Islamic legal theory (usÅ«l al-fiqh) is literally regarded as ’the roots of the law’ whilst Islamic jurists consider it to be the basis of Islamic jurisprudence and thus an essential aspect of Islamic law. This volume addresses the sources, methods and principles of Islamic law leading to an appreciation of the skills of independent juristic and legal reasoning necessary for deriving specific rulings from the established sources of the law. The articles engage critically with relevant traditional views to enable a diagnostic understanding of the different issues, covering both SunnÄ« and ShÄ«’Ä« perspectives on some of the issues for comparison. The volume features an introductory overview of the subject as well as a comprehensive bibliography to aid further research. Islamic legal theory is a complex subject which challenges the ingenuity of any expert and therefore special care has been taken to select articles for their clarity as well as their quality, variety and critique to ensure an in-depth, engaging and easy understanding of what is normally a highly theoretical subject.
Table of Contents
Contents: Introduction; Further reading. Part I Nature of Islamic Law: Islamic law: an overview of its origin and elements, Irshad Abdal-Haqq; Islamic law as Islamic ethics, A. Kevin Reinhart; Understanding Islamic law in theory and practice, Mashood A. Baderin. Part II Sources of Islamic Law: Groundwork of the moral law: a new look at the Qur’Än and the genesis of SharÄ«Ê»a, Wael B. Hallaq; Law in the Qur’Än - a draft code, Tahir Mahmood; Some reflections on the contextualist approach to ethico-legal texts of the Qur’an, Abdullah Saeed; A revaluation of Islamic traditions, Joseph Schacht; On the origins of ShÄ«Ê»i á¸¤adÄ«th, Ron P. Buckley; The role of culture in the creation of Islamic law, John Hursh. Part III Methods of Islamic Law: Al-ShÄfiÊ»Ä«’s role in the development of Islamic jurisprudence, Ahmad Hasan; The concept of IjmÄÊ» in Islamic law: a comparative study, Rahimin Affandi Abd Rahim; Non-analogical arguments in Sunni juridical qiyÄs’, Wael B. Hallaq; ’Illa and qiyÄs in early Islamic legal theory, Nabil Shehaby. Part IV Principles of Islamic Law: The maslaha (public interest) and ’illa (cause) in Islamic law, Majid Khadduri; Maá¹£laá¸¥a in contemporary Islamic legal theory, Felicitas Opwis; Legal logic and equity in Islamic law, John Makdisi; MaqÄá¹£id al-SharÄ«Ê»ah: the objectives of Islamic law, Mohammad Hashim Kamali; Cut and paste in legal rules: designing Islamic norms with talfÄ«q’, Birgit Krawietz; Muslim custom and case-law, Noel James Coulson; QawaÊ»id al-Fiqh: the legal maxims of Islamic law, Mohammad Hashim Kamali. Part V Legal Reasoning (IjtihÄd): Interpretation in Islamic law: the theory of ijtihÄd, Bernard Weiss; The closing of the door of ijtihÄd and the application of the law, Frank E. Vogel; A critical analysis of the role of ijtihÄd in legal reforms in the Muslim world, Rachel Anne Codd; IjtihÄd in contemporary ShiÊ»ism: transition from individual-oriented to society-oriented, Hamid Mavani. Name index.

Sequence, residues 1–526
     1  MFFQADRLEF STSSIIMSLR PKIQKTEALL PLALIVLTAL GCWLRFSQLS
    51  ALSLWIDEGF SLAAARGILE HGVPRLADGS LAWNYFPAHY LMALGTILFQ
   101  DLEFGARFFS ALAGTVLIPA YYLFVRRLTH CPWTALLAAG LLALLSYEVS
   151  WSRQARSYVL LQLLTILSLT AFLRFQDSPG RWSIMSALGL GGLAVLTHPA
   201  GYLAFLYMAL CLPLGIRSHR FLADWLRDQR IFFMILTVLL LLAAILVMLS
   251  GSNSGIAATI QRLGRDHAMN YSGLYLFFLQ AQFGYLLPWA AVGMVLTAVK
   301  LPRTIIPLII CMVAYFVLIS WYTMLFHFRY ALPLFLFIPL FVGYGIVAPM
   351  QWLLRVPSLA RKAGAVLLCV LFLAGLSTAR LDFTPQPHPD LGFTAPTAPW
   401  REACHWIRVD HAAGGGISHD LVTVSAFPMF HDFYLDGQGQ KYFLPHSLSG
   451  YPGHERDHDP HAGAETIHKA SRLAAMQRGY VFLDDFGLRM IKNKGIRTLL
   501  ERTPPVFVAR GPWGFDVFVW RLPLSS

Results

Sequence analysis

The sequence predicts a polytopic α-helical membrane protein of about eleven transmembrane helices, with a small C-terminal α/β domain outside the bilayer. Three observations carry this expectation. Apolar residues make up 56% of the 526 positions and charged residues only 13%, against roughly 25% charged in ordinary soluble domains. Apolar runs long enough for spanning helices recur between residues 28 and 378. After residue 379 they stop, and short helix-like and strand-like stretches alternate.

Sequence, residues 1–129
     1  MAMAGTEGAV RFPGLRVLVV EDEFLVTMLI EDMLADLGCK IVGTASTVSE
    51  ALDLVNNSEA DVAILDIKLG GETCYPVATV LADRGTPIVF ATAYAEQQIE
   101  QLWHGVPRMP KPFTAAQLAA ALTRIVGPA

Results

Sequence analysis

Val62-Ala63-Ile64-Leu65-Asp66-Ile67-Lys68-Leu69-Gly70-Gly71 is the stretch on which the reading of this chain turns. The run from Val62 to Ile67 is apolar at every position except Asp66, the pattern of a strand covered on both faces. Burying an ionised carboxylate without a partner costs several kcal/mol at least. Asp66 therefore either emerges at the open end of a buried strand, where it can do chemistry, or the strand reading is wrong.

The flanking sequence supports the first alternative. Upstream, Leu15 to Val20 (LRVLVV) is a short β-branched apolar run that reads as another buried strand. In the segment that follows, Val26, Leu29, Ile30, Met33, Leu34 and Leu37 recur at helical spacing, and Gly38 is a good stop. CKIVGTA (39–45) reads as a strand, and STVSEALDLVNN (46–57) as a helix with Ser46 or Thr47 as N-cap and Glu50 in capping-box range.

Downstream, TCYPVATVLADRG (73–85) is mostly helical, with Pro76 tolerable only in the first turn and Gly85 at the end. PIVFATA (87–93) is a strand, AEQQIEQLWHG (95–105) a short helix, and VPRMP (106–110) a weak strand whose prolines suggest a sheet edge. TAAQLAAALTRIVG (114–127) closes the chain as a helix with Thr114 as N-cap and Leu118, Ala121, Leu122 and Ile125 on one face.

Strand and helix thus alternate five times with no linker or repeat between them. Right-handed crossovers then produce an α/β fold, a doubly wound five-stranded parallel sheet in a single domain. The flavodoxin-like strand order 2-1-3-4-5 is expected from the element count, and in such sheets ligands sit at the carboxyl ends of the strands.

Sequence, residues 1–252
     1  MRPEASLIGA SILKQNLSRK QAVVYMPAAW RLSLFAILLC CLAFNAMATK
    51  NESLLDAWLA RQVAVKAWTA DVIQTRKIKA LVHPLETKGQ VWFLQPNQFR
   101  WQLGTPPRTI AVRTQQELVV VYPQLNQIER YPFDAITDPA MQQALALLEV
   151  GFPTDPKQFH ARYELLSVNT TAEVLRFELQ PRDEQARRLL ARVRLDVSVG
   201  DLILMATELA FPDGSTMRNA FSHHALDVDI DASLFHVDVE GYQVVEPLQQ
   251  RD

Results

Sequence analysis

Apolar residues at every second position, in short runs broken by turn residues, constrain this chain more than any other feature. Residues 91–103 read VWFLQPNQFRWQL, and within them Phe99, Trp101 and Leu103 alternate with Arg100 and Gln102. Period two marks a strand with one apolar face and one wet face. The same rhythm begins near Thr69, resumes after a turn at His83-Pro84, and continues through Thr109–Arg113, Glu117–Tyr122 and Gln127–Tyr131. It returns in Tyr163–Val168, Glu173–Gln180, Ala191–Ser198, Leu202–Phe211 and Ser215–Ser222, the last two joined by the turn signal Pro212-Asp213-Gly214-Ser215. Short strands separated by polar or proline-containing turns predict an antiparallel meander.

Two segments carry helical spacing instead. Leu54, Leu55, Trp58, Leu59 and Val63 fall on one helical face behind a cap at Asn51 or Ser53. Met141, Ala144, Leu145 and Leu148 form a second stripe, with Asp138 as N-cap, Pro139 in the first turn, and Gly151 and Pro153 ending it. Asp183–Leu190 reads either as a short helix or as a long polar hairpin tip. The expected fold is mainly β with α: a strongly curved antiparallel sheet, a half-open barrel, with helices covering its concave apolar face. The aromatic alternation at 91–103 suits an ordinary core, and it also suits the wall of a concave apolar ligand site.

Mashood A. Baderin is Professor of Law at the School of Law, SOAS, University of London, UK.